State Police officials are reminding motorists that leaving children of any age unattended inside closed or locked vehicles when summer temperatures begin to sizzle is dangerous and sometimes fatal.
Sweltering temperatures continue in Connecticut and are expected to continue through the week.
This type of weather should serve as a reminder that all parents, guardians, daycare providers and babysitters should be educated about the severe dangers involved in leaving children in cars.
Toddler dies inside car in Ridgefield
The State Police reminder comes a day after a 15-month child died after being left inside a parked vehicle in Ridgefield. As of Tuesday mid-afternoon, the incident is still under investigation and no arrests have been made.
And on July 3, a Shelton woman was arrested for allegedly leaving her 3-year-old child in a car while she was inside a grocery store in Orange. The child was not harmed. Read about that incident by clicking here:
Children less supervised in summer
Children have more free time in the summer and take part in more outdoor activities. However, sometimes they are supervised less and may play in unlocked cars or trunks.
Children should never be left in a locked car and should not ever have access to unlocked, parked vehicles or trunks in this hot, humid weather.
Many children do die
In 2013, 44 children nationwide died due to automobile heat-related deaths. Since 1998, more than 500 children have died from hyperthermia after being in a hot automobile.
These figures include those children left unattended and those who entered parked cars on their own to play. State Police officials said these numbers are troublesome because they represent deaths of babies, toddlers, and young children — and the deaths are completely preventable.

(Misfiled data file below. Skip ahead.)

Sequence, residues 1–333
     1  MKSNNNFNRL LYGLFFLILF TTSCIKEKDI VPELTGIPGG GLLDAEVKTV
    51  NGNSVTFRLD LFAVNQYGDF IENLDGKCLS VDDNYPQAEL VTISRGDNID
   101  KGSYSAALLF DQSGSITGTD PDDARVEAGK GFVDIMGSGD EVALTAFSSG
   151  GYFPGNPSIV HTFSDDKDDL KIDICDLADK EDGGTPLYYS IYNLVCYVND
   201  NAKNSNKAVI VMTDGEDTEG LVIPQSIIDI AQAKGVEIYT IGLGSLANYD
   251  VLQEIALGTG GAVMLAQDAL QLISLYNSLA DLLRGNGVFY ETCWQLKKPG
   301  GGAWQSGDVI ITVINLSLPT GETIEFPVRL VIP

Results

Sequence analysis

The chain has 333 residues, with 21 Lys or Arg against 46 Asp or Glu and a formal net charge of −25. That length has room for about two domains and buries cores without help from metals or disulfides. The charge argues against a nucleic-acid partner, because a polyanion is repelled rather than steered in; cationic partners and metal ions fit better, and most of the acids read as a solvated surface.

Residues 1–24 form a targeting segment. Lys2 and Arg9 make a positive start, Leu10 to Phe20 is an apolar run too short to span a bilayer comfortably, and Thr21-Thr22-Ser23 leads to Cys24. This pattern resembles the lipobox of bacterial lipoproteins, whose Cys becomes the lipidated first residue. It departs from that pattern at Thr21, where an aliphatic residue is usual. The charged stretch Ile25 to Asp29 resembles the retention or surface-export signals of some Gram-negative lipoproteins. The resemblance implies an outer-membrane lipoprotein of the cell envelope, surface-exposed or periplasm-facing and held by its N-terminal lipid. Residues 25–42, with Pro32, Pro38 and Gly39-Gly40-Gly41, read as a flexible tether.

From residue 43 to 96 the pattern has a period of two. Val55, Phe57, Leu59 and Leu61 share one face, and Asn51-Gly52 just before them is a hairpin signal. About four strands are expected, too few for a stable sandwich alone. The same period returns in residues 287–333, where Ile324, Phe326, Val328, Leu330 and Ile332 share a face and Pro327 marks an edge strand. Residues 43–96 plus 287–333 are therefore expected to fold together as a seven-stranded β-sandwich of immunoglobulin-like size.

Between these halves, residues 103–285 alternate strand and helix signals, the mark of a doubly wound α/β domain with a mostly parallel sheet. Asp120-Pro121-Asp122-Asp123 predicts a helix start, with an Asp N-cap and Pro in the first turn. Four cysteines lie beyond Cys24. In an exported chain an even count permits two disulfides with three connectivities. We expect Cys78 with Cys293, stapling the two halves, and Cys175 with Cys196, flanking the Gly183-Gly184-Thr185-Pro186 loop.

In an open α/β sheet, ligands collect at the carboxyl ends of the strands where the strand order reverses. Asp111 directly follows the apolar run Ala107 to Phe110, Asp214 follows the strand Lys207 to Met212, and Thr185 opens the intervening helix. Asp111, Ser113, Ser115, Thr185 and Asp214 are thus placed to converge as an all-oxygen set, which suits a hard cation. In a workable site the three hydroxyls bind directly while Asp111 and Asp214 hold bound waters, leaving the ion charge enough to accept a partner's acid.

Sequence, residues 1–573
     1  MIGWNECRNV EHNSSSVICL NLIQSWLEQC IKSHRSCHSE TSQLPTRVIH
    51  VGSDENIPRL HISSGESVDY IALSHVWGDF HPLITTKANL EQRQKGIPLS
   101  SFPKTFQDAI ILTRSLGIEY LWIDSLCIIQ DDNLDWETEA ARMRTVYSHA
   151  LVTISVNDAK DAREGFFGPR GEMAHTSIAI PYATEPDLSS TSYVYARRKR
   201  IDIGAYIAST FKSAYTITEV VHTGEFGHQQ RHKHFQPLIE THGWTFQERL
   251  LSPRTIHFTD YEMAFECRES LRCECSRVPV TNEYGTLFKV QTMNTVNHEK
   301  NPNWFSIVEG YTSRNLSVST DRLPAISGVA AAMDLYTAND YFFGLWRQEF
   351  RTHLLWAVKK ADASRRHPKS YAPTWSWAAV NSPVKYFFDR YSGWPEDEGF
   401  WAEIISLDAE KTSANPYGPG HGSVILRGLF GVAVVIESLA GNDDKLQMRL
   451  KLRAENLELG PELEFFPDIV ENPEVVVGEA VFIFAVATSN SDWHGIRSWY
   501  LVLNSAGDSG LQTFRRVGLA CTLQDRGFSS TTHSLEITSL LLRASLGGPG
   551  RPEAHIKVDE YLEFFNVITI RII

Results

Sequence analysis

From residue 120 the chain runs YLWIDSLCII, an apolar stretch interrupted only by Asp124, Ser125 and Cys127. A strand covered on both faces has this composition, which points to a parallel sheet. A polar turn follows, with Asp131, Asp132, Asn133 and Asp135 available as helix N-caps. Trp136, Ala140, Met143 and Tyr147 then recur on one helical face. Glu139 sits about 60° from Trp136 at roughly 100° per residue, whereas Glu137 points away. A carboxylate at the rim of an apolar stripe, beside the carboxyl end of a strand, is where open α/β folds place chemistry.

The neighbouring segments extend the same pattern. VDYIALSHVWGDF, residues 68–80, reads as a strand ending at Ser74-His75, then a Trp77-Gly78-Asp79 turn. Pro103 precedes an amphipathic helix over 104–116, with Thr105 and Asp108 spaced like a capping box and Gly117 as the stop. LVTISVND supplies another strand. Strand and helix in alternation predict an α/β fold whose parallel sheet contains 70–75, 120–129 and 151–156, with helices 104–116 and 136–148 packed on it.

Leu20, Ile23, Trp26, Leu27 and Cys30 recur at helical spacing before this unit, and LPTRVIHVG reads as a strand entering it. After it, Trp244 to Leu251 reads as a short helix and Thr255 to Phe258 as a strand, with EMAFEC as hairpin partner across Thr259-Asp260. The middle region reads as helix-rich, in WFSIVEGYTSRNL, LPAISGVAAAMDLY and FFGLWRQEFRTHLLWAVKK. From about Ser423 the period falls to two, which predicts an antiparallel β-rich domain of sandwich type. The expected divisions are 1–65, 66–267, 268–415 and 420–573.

In 2013, a total of 44 children died from heat stroke. Fifteen children have died to date in 2014 across the country.
Temperatures rise quickly inside a car
During summer weather, the temperature inside of a car can rise into the triple digits in a matter of minutes.
Studies on thermal injury to children show that “dry heat” temperatures, within a closed vehicle, can become dangerous to small children and infants in only minutes.
A high level of humidity can reduce that time by one half.
Call 9-1-1 if see anything
Under Connecticut law, leaving a child unsupervised in a motor vehicle may result in a felony charge.
State Police officials said if anyone observes a child left unattended in any car, at any time — but especially on a hot day— they should call 9-1-1 because this is a true emergency. “You can help save a life,” officials said.
Motorists are strongly advised to keep their vehicles locked and never let children play in cars. Make a habit of looking in the car, front and back seats, before locking a vehicle and walking away.